As rescue crews worked into the night under the powerful are lamps and the gaze of the curious, the official news agency said that more than 300 bodies are recovered here in Romania's capital since Friday night's earthquake.

Radio Bucharest said that at least 370 persons had been killed and nearly 2,400 injured. In the first official casualty figures released, the radio said the known death toll so far was 298 in Bucharest and 72 in other parts of the country. It said 1,773 were injured in the capital - 1,200 of them seriously.

Western diplomats calculated, however, that at least 2,000 and perhaps as many as 3,000 people died in Bucharest alone. They based their estimate on American medical students helping in hospitals. Diplomats quoted Romanian officials as saying privately that the quake - which shook all of eastern Europe - had killed at least a thousands Romanians.

[Soviet officials said the tremor was feit in Moscow but caused no damage there, and Moscow television said the quake was felt in Leningrad and Sochi, on the Black Sea. Saturday night Moscow television showed film of damage the shock had inflicted in the Soviet Republic of Moldavia, but said there had been no deaths or injured, the Associated Press reported.]

In Bulgaria, an early official report said 20 persons had been killed, 165 injured and 60 buildings destroyed. Yugoslavia reported 17 injured, the Associated Press reported.

[Other Associated Press reports quoted officials in Greece as saying five separate tremors were felt and that they caused a brief panic in the northern city of Salonika. In Italy, government spokesmen told the news agency the tremors caused tall buildings to sway in Rome, Naples, and most of the central part of the country.]

While most of the destruction and loss of life were caused by the collapse of large apartment blocks in the capital, Bucharest radio tonight said that other parts of Romania had also been seriously affected.

The radio mentioned Craiova, some 120 miles west of Bucharest, where the university and city center have been largely destroyed. So far there are no detailed casaulty figures from the city.

President Nicolae Ceausescu cut short an African tour to take personal charge of the relief work in Bucharest. He declared a state of national emergency and visited the most seriously affected areas in the city center.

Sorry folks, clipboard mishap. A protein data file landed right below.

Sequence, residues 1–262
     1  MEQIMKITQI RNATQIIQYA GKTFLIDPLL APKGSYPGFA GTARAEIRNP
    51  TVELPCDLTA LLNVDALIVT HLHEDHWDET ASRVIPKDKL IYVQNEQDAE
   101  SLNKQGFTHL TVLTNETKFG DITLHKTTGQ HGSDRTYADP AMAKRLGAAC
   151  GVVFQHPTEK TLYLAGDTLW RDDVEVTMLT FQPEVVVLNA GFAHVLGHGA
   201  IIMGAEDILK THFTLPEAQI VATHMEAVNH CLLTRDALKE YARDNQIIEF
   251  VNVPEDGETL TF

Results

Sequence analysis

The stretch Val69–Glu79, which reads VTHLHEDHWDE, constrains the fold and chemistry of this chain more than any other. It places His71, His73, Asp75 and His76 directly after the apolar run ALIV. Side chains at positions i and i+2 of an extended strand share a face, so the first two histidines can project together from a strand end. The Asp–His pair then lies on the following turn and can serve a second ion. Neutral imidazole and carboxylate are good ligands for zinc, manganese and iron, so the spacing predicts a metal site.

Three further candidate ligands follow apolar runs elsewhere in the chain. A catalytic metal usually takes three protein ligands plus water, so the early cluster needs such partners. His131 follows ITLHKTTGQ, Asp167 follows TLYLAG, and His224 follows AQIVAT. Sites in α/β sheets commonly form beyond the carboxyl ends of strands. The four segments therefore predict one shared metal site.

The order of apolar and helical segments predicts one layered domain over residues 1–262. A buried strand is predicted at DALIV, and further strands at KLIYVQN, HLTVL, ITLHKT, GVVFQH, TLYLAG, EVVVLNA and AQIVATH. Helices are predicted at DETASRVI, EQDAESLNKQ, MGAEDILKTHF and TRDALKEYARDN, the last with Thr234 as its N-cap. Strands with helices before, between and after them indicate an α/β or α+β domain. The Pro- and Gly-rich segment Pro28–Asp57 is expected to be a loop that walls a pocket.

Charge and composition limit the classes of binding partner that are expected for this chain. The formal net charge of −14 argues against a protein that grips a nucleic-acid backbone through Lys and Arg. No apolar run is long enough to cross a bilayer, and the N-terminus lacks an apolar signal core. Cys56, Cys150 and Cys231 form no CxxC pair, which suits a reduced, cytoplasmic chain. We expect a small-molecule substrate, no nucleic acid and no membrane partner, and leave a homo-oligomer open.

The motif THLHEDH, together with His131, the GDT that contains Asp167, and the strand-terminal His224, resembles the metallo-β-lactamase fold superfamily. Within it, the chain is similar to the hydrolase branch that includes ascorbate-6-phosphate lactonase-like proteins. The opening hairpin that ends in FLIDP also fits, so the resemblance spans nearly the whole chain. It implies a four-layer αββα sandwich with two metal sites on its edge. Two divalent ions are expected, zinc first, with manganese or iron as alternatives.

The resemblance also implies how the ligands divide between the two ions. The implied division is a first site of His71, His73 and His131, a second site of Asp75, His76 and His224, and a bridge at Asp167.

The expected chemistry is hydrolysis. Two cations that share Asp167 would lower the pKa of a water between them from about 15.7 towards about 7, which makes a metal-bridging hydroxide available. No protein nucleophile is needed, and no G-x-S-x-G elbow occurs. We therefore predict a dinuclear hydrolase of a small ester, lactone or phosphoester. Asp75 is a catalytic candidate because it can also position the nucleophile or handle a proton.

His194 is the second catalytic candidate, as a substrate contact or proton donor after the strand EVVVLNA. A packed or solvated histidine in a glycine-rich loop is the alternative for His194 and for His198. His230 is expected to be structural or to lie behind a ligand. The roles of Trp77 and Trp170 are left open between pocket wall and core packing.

Offers of aid and relief poured in from abroad, including a promise of U.S. support. U.S. Embassay officials said that the Romanian Foreign Ministry had not yet responded on the offer.

Amercian diplomats said that as far as is known no American citizens have been killed or injured but a large number of embassy personnel have had to move out of their homes for safety reasons.

The extent of the damage in Bucharest was not immediately apparent to people driving into the city. In the suburbs, where damage was relatively slight, almost a holiday atmosphere prevailed, with large crowds out in the streets and most shops shut.

The real horror was in the central commercial area, where once-mighty apartment buildings looked like pieces of crumbled cheese. Soldiers brought into the capital kept the crowds at bay good humoredly, but a smell of building rubble was in the air.

All semblance of traffic regulations appear to have been put in abeyance - with policemen turning a blind eye to illegal U-turns or to driving the wrong way down one-way streets.

Crowds watched as rescue workers using heavy equipment dug into the rubble that had been Bucharest's fashionable Dunarea restaurant. The restaurant, which would have been at its busiest when the quake struck at 9:30 in the evening, occupied the ground floor of a nine-story apartment building.

The building had collapsed "like an accordion," one floor upon another, according to a witness.At least a dozen highrise apartments in the city were leveled by the quake.

Government officials say their major aim is to provide shelter for the thousands of people believed to have been made homeless by the earth-quake. Some have already gone to stay with relatives.

Roads leading to Bucharest from the provinces are thronged with hitch-hikers desperate to get a lift to the capital to see what has become of their families.